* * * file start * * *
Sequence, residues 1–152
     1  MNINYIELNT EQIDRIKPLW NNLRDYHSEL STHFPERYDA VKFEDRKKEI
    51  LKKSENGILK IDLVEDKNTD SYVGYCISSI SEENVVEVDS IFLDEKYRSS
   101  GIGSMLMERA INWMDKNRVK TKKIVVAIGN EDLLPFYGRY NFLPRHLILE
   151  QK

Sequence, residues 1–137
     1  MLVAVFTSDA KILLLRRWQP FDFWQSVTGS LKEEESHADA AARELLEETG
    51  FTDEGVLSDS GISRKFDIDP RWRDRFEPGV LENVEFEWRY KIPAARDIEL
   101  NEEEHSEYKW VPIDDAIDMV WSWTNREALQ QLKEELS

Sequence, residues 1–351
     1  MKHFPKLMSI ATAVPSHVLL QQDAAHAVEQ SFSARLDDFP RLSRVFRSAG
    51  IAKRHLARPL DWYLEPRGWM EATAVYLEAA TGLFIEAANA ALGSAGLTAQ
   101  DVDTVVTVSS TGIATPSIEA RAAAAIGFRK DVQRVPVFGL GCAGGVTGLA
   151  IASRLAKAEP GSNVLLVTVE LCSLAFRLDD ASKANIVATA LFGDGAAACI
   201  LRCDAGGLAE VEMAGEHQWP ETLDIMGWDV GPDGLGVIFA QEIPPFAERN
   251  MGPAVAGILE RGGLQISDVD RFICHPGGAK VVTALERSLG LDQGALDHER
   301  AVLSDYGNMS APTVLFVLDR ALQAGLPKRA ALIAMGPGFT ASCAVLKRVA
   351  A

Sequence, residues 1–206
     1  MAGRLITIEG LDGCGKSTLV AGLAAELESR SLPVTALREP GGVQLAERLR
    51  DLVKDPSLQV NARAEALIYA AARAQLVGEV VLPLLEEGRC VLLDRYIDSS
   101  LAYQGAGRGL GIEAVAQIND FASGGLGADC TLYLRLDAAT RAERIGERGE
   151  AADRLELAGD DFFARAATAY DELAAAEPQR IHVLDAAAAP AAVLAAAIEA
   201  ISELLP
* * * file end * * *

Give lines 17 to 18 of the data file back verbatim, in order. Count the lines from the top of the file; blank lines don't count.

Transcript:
   301  AVLSDYGNMS APTVLFVLDR ALQAGLPKRA ALIAMGPGFT ASCAVLKRVA
   351  A